A bill working its way through Congress is packed with provisions for veterans, active-duty members and military dependents.
Among those is a measure that would block schools from penalizing student veterans for Department of Veteran Affairs delays. Other items include burial and memorial benefits, expansions of the Servicemembers Civil Relief Act (SCRA) and changes to VA's debt collection practices.
Before becoming law, however, the bill must pass in the Senate and be signed by President Donald Trump.
After the public relations fiasco caused by VA's late GI Bill payments this fall, Congress set out to ensure that it protects veterans from repercussions against them due to VA's negligence. The new legislation would:
- Make schools ineligible for GI Bill tuition payments if they placed penalties or burdens on students as a result of the VA failing to pay GI Bill payments on time.
- Block schools from kicking veterans out of classes if their GI Bill payments are late.
- Require the VA to tell veterans exactly how much their monthly housing allowance rather than require more guessing.
Burial and Memorial Benefits
Under the legislation:
- Spouses and children would be eligible for government provided headstones if they are buried in a VA cemetery.
- Spouses and children of veterans buried in tribal cemeteries would get all the same benefits as the veteran.
More details on burial and memorial benefits.
Servicemembers' Civil Relief Act (SCRA)
The bill would move SCRA rules into the 21st century, with changes to legal and debt collection rights held by veterans and their spouses. Included in the bill is:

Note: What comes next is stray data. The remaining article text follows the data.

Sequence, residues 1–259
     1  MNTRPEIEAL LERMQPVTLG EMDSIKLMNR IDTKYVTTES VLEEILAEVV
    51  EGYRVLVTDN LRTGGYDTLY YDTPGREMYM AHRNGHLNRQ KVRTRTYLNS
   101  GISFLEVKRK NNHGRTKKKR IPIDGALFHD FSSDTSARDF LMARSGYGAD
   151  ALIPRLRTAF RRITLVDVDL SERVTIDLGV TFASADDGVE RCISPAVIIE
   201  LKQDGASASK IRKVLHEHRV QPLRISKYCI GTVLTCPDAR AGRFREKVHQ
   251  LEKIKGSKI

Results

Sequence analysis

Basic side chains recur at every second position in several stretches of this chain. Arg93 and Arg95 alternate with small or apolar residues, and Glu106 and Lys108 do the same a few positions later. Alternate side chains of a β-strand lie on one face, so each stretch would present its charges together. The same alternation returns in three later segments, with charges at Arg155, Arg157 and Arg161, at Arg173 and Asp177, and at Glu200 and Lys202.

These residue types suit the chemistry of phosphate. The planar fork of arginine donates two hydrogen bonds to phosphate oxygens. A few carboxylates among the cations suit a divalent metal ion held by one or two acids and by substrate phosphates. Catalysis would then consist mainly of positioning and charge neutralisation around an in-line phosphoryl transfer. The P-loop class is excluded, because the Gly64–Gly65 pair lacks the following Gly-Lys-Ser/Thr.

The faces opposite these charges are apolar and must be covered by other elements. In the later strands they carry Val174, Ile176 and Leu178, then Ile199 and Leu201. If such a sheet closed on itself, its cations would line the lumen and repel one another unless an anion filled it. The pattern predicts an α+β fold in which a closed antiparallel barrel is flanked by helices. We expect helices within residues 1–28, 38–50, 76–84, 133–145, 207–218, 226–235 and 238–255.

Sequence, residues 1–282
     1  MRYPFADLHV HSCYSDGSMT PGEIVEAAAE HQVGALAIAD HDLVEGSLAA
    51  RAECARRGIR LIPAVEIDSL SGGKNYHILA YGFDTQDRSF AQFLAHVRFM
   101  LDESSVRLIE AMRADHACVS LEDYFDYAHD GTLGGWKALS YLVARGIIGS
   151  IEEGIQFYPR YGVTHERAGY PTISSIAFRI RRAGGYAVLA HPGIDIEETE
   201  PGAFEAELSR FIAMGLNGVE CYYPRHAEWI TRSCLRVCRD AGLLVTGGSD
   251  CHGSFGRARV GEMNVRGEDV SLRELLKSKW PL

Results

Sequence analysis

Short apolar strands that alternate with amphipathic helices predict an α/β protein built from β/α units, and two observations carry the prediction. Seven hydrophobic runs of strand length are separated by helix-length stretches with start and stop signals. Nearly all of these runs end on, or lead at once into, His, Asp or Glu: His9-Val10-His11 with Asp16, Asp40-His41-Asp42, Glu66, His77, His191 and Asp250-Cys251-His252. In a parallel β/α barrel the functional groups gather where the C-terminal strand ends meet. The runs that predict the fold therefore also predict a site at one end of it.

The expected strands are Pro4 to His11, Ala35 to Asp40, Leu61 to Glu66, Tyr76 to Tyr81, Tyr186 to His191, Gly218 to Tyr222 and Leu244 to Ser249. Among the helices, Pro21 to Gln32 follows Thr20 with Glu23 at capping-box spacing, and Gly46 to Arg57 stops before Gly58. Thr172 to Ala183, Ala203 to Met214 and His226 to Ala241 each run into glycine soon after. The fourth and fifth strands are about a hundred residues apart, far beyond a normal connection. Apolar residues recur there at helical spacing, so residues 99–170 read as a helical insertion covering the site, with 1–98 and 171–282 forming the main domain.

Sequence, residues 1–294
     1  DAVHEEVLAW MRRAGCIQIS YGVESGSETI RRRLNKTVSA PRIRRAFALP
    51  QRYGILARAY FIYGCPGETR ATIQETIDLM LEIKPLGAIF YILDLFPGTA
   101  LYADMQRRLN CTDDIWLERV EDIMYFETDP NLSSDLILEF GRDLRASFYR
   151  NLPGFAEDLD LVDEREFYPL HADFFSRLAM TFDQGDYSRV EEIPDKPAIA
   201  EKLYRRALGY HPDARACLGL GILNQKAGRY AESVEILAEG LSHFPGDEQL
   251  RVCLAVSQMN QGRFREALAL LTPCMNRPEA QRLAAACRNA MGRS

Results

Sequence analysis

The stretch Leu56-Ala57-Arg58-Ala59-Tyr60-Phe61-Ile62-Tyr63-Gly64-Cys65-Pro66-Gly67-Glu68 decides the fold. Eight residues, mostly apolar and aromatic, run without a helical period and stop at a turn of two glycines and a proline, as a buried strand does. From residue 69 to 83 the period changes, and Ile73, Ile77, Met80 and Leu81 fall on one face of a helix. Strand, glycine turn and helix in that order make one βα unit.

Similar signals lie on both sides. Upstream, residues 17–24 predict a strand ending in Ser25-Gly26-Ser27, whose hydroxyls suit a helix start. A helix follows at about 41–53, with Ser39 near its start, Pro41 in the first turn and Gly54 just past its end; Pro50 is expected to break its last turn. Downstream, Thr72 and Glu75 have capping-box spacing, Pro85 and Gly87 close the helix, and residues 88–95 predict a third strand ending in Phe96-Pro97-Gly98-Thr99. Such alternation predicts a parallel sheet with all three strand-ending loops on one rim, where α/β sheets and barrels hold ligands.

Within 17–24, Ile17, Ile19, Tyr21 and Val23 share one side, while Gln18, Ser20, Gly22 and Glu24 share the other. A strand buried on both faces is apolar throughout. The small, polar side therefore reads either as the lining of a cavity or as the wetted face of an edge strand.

- The ability for a surviving spouse to terminate a lease under the SCRA if their partner dies on active duty.
- The right of a military member who is mobilized or gets PCS orders to terminate their video programming and internet bills without any late charges. Previously only telephone bills were covered.
- Give a military spouse the right to claim the same state of legal residence as their partner for state taxes. Previously, the spouse could only claim the state they were living in or go through the hassle of setting up residence in the military member's state of legal residence.
- The ability for the spouse to maintain their state of legal residence for voting even if they live out of state while accompanying the military member. Some states require you to actually live in the state for a certain amount of time in an election year to be able to vote.
Aimed at giving veterans easier access to state and local programs, the bill would require VA to publish on their website a list of all non-federal transition programs.
Check out our list of state benefits for veterans.
VA Debt Collection
Under the bill, VA would have to re-format all debt-related letters into "plain language" with a clear explanation, according to the proposed legislation. It also would allow VA to communicate with veterans via both mail and electronic means.
Homeless Veteran Reintegration
Homeless veterans programs would expand to veterans transitioning from incarceration to civilian life, and to those getting assistance under the Native American Housing Assistance Program.
Expansion of VA Dental Program
The bill also would give VA one year to report to Congress on the costs, enrollment estimates and feasibility of expanding the dental program.
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